With the yield on the 10-year Treasury hovering around 3%, advisors have been seeking out high-dividend yielding ETFs to combine stock appreciation potential with income generation. During a recent VettaFi-organized webcast, advisor attendees were asked to identify which investment styles were attractive for generating income in today’s market. The overwhelming response put high-dividend stocks easily ahead of REITs, preferred stocks, risk-managed income ETFs, as well as fixed income through investment-grade or high yield bonds.
The Vanguard High Dividend Yield ETF (VYM) pulled in more than $4 billion year-to-date through June 6, including $1.2 billion in the past month to push its asset base to over $47 billion. While VYM’s net asset value has held up better than the broader equity market this year, the ETF was down 0.5% for the year and only sports a dividend yield of 2.7%. Below are highlighted a few stronger-performing, yet higher dividend yielding alternatives to consider and discuss what makes them distinct.
The Invesco High Dividend Yield Achievers ETF (PEY) was up 6.5% this year but still only has $1.2 billion in assets, aided by $240 million of net inflows. PEY owns 50 stocks selected principally based on dividend yield and consistent growth in dividends, including Altria (MO), Northwest Bancshares (NWBI), and Pinnacle West (PNW). Although all 11 GICS sectors are represented, PEY is heavily concentrated in utilities (25% of assets), financials (22%), and consumer staples (17%). Just 3% were in information technology stocks.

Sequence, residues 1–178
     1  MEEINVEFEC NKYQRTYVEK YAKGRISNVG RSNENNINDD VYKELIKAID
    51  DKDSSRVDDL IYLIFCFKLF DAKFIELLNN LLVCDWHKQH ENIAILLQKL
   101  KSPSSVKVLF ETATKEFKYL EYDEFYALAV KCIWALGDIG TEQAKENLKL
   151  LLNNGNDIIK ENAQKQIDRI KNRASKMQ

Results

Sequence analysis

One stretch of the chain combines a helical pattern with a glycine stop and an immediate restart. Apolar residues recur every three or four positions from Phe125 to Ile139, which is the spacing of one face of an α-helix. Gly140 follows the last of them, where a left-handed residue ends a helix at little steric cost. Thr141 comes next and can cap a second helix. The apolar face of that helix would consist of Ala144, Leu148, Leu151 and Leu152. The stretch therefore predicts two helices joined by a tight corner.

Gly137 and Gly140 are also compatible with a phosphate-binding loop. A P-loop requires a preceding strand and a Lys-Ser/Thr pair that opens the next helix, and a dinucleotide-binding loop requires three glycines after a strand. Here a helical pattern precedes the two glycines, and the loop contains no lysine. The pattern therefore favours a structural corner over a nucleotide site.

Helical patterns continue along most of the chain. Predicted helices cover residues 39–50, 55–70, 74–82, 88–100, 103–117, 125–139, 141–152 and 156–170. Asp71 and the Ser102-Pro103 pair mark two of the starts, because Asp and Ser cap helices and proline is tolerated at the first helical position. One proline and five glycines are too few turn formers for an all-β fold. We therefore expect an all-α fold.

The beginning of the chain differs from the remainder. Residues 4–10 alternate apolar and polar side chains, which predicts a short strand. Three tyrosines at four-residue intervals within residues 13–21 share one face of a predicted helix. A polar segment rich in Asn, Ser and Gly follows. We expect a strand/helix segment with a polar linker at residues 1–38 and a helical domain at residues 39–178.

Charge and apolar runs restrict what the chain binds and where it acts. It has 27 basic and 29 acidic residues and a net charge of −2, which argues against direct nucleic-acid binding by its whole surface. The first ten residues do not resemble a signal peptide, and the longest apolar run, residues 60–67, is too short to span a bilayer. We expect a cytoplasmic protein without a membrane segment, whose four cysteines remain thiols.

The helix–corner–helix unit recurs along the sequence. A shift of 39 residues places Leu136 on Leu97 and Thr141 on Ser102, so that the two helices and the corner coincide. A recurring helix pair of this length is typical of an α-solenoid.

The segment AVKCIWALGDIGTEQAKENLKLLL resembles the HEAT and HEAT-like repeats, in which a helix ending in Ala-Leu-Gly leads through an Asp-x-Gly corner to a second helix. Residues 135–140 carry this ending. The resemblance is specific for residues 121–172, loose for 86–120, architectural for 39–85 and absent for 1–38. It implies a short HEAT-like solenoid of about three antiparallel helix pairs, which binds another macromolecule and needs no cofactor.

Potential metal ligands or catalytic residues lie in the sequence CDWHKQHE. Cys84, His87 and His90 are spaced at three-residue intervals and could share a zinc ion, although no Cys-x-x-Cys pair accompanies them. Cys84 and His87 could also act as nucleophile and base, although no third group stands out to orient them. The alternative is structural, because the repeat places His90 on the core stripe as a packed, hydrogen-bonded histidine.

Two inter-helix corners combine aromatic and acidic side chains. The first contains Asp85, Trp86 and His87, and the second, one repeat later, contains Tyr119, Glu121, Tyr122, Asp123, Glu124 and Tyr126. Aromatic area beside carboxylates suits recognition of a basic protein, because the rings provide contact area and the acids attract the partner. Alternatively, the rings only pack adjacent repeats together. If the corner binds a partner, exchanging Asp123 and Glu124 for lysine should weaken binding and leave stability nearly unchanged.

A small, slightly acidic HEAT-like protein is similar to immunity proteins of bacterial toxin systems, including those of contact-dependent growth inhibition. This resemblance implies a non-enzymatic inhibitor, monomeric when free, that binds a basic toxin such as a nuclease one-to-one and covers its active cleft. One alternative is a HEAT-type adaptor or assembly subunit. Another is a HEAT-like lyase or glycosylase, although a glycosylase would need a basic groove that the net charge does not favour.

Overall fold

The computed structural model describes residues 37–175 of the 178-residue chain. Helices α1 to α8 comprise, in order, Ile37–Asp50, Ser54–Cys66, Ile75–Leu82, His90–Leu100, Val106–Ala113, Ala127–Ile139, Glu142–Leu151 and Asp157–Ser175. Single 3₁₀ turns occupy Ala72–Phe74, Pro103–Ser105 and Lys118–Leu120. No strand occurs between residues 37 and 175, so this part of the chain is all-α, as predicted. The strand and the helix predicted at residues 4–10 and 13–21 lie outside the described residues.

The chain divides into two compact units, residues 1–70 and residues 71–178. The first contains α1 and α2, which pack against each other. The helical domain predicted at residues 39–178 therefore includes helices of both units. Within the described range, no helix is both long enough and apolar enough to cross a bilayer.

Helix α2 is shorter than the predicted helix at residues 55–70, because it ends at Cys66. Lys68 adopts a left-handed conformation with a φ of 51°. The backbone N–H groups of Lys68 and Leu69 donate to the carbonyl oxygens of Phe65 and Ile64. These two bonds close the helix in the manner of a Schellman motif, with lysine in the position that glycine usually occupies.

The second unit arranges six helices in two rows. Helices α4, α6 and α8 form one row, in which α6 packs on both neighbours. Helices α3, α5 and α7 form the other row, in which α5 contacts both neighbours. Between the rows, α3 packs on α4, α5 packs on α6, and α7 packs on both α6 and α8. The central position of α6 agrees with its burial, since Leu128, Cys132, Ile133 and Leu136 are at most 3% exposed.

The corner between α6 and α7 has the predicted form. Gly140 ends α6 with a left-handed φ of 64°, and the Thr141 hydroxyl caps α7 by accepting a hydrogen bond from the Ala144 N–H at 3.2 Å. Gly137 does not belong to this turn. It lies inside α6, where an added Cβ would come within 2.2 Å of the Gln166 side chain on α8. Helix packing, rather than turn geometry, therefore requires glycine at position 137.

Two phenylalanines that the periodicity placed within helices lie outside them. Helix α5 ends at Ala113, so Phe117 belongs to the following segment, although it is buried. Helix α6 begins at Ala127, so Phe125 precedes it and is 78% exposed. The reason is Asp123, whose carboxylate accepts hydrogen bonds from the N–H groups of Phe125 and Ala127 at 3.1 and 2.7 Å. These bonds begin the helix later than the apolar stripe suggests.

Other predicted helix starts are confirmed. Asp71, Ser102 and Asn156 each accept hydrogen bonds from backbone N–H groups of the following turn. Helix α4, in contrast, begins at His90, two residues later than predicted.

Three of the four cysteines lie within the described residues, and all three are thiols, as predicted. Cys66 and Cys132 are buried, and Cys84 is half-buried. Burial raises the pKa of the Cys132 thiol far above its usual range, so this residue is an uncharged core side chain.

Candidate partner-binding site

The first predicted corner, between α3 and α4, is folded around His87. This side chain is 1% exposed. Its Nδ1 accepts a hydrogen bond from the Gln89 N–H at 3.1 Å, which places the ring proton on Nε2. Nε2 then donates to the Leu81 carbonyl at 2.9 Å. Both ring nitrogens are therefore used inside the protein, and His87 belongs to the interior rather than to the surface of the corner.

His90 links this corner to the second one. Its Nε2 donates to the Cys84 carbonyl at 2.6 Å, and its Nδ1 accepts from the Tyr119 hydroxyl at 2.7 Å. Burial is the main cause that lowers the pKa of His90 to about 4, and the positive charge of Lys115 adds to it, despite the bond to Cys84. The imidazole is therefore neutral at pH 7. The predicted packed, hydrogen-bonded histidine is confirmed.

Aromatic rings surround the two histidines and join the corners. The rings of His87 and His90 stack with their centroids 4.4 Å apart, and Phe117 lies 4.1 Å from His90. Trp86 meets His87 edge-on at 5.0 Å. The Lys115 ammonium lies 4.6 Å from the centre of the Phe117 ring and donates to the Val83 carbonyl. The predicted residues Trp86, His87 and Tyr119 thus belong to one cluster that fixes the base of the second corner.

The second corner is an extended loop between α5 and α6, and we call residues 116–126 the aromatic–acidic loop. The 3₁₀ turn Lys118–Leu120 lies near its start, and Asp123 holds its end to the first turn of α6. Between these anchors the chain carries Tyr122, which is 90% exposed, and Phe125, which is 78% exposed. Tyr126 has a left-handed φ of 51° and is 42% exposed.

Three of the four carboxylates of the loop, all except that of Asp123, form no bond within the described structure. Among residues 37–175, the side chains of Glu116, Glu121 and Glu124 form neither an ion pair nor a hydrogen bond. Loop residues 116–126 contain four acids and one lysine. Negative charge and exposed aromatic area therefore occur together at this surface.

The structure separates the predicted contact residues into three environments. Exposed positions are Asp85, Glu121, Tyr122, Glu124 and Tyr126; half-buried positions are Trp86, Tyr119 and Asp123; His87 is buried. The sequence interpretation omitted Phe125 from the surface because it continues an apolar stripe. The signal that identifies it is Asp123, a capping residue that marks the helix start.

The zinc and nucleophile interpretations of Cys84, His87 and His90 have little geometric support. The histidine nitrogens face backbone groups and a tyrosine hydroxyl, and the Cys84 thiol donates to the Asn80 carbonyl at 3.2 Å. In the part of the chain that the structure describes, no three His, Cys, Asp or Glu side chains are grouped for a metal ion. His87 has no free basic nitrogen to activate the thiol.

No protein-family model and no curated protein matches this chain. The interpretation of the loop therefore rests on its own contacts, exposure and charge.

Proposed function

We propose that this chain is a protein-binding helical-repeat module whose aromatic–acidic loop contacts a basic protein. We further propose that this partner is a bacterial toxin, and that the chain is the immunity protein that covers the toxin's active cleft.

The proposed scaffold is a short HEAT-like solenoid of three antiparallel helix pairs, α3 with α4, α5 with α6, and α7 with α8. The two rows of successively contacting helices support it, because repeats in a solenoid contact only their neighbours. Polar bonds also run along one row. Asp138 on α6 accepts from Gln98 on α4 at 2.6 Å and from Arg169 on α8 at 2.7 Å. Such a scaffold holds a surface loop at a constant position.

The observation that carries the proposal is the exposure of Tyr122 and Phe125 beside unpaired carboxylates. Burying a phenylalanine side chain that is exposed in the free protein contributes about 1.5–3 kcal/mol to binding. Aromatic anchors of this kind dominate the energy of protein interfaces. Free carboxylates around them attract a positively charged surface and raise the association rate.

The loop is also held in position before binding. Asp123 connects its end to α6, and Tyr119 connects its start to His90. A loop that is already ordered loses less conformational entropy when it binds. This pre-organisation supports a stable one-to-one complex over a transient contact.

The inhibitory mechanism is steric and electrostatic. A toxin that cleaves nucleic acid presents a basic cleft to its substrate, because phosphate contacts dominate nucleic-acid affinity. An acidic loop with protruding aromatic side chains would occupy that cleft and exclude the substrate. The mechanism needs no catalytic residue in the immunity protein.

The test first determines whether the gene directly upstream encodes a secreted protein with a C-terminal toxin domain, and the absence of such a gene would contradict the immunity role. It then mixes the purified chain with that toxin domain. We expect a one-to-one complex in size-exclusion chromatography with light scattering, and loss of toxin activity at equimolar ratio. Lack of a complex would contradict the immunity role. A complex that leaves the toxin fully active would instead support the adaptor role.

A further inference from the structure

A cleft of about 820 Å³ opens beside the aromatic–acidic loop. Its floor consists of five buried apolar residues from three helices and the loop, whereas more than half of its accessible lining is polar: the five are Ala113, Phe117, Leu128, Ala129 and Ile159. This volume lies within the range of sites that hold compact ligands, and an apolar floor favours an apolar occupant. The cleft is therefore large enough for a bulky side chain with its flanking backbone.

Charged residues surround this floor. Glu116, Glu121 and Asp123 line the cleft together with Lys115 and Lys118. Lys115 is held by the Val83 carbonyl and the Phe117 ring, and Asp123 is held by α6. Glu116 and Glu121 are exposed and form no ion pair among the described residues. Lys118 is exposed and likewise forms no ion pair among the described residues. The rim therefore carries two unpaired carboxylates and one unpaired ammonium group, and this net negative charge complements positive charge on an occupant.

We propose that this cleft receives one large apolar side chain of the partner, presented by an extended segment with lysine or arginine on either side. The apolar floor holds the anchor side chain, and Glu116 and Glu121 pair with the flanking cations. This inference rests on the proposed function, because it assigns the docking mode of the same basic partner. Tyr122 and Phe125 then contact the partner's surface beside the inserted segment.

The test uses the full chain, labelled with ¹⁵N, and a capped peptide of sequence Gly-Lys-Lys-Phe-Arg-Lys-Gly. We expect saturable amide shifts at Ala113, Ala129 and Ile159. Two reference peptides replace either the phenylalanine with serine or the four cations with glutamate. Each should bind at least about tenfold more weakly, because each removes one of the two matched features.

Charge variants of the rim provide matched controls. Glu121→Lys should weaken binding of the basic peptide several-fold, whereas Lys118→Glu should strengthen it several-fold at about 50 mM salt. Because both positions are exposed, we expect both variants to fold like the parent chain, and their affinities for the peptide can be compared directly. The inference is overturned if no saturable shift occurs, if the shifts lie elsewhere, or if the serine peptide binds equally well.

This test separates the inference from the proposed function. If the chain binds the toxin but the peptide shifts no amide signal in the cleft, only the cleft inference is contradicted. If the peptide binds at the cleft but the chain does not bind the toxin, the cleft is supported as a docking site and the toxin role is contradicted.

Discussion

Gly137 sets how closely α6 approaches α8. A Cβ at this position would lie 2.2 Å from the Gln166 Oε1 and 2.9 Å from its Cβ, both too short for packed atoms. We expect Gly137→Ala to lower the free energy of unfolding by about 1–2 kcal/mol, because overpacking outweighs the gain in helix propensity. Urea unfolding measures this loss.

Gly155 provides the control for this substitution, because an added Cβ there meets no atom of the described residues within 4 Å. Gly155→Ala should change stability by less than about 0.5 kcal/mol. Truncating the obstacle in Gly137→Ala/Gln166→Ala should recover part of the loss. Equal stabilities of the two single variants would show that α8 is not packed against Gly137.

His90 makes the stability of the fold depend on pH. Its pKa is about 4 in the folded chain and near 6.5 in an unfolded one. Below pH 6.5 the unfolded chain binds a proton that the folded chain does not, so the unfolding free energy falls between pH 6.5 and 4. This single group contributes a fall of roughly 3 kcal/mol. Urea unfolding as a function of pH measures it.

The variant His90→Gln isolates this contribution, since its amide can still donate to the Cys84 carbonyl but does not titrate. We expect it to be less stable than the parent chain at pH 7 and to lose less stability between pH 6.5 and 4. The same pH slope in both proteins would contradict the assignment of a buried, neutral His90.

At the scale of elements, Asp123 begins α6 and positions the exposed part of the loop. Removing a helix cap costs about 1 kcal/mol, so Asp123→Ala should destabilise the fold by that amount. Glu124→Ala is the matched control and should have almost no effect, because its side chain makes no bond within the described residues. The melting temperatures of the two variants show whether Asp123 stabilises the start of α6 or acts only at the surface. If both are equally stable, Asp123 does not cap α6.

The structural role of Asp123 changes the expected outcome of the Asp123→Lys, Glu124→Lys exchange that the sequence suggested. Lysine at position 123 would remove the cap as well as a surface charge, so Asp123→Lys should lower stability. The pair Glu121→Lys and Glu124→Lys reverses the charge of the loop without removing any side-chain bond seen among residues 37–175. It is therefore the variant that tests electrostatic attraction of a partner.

The ALPS Sector Dividend Dogs ETF (SDOG) was up 4.8% this year, yet the $1.3 billion ETF gathered just $63 million this year. SDOG owns the five highest dividend yielding stocks within each of the GICS sectors, excluding real estate, and is equally weighted at the security level and sector level when it is rebalanced quarterly. Energy was recently the largest sector (11% of assets) and financials the smallest (8%), with companies like Principal Financial Group (PFG) and Valero Energy (VLO) among the holdings.
A third strong-performing but relatively small high-dividend ETF is the Global X SuperDividend ETF (DIV), which was up 3.3% in 2022. The $725 million ETF has experienced less than $20 million of net inflows. DIV focuses on the 50 highest dividend yielding stocks in the U.S. While the fund has exposure to all 11 sectors, the range between the high and low sectors is between those of PEY and SDOG. Utilities, at 18% of assets, was the largest sector exposure, with companies such as American Electric Power (AEP) and Consolidated Edison (ED) among the top 10 positions.
DIV’s 5.3% dividend yield is the highest of the trio of VYM alternatives, but all three offer a compelling income complement to owning stocks in a diversified portfolio.
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